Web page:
Hormones, hydration and the heat of summer!Jul 01, 2022
Good grief it’s hot out! Record-breaking heat set in this week and today in particular is a scorcher in central Ohio! Sounds like a good time to talk about how our hormones impact thirst and hydration, doesn’t it?
Our hormones impact every system of our body, including our ability to feel thirst and offset heat by sweating. In perimenopause, phases of high hormones impact your hypothalamus and lower the trigger point for feeling thirst. So even though your body may be dehydrated, you might not feel thirsty.
Lack of thirst becomes even more of a problem as we age - postmenopausal women have consistently diminished sensations of thirst (rather than just during high hormone swings in perimenopause) meaning that relying on thirst for proper hydration is no longer a good idea.
So what to do?
We need to shift our hydration strategies from relying on thirst, to relying on common sense and maybe even implementing a hydration schedule if needed.
Unfortunately, there’s a ton of misinformation around hydration and hydration has also primarily been studied in men. So when it comes to knowing how to properly hydrate as a menopausal woman, our best option is to gather what science-based information we can and feel our way through.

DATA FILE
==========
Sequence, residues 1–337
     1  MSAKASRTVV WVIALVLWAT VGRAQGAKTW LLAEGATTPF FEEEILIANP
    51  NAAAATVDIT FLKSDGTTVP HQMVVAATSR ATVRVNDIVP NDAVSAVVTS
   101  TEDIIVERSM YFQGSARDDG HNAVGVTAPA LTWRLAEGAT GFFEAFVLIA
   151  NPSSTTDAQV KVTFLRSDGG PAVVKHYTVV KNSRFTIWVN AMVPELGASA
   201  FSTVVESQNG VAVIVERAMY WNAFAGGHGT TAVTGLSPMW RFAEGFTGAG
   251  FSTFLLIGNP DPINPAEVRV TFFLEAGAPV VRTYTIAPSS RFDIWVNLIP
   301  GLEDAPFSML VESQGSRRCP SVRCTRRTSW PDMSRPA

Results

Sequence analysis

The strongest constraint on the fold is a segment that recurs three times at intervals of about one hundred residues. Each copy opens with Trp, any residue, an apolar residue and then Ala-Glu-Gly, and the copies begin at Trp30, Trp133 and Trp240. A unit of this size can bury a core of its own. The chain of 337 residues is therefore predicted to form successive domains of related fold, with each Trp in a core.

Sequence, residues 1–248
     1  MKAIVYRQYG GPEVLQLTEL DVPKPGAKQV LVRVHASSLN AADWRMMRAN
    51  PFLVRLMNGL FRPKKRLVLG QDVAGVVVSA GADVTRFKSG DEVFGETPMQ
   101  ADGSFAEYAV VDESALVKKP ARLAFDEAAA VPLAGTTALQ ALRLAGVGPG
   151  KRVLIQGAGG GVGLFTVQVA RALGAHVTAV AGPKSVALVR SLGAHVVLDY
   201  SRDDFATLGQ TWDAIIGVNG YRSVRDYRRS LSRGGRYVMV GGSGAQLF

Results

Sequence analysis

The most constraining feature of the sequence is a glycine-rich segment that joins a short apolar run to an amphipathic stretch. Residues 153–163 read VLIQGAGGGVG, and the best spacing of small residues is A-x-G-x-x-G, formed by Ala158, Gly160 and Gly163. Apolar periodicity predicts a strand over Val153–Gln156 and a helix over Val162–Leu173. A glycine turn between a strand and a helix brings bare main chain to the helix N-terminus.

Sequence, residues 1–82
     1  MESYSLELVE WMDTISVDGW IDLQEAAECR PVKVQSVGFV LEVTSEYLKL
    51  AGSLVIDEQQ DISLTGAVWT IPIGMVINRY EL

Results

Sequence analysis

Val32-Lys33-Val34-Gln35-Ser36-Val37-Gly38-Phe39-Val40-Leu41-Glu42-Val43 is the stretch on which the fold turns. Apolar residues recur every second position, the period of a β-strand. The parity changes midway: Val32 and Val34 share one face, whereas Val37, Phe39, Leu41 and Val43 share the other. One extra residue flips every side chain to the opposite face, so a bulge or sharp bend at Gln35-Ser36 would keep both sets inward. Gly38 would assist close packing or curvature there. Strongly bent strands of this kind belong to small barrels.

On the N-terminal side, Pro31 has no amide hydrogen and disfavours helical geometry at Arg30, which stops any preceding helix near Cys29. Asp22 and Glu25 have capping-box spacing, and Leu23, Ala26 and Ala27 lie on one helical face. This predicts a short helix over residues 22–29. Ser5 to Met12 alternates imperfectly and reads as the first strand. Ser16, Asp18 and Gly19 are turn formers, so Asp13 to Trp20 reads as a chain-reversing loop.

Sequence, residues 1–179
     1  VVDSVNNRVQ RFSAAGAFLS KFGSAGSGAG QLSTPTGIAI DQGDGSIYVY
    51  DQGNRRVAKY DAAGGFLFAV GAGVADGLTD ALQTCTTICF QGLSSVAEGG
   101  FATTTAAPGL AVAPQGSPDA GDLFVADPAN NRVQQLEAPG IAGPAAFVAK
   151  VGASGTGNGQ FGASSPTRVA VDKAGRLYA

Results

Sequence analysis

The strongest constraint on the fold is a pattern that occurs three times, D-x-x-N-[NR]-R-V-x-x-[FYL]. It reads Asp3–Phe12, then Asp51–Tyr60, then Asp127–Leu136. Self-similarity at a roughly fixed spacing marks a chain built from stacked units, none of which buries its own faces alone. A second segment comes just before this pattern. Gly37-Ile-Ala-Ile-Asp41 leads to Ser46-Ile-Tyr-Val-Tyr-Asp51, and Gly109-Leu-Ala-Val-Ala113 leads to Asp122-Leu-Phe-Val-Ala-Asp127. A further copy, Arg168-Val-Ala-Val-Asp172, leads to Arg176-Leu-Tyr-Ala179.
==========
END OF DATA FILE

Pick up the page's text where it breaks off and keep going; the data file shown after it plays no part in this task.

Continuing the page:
A few common sense signs you can look for: if your urine is dark in color and has a strong odor you’re definitely dehydrated. But if it’s completely clear you’re likely over-hydrating. Aiming for a light, pale yellow should serve most of us well.
Another hydration strategy you should consider if you’re planning to spend active time in the heat is drinking an electrolyte solution. The science behind hydration goes beyond the scope of this newsletter (although it’s really fascinating) so I’ll just cut to the chase by saying that most mass market electrolyte drinks aren’t formulated to be helpful for women and can actually cause GI upset and exacerbate dehydration in both women and men.
According to researcher Dr. Stacy Sims, who has studied hydration in female athletes, a good electrolyte solution contains:
7-9.4 grams of carbohydrates per 8 ounces in the form of glucose and sucrose (avoid maltodextrin, fructose which can upset your stomach)
180-225 milligrams sodium
60-75 milligrams potassium
Also, a good rule of thumb for hydrating during outdoor activity in the heat (running, sweaty yard work, playing tennis, etc.) is to drink approximately .12 ounces per pound of body weight per hour in temps 75 degrees or cooler, and .16 ounces per pound of body weight per hour in warmer temps. So for a 150 lb. woman, that’s around 18 ounces an hour in temps lower than 75 degrees and 24 ounces an hour in warmer temperatures. But again, these are all just approximations - you may need more or less.
Hoping you all stay cool, hydrated and healthy this summer!
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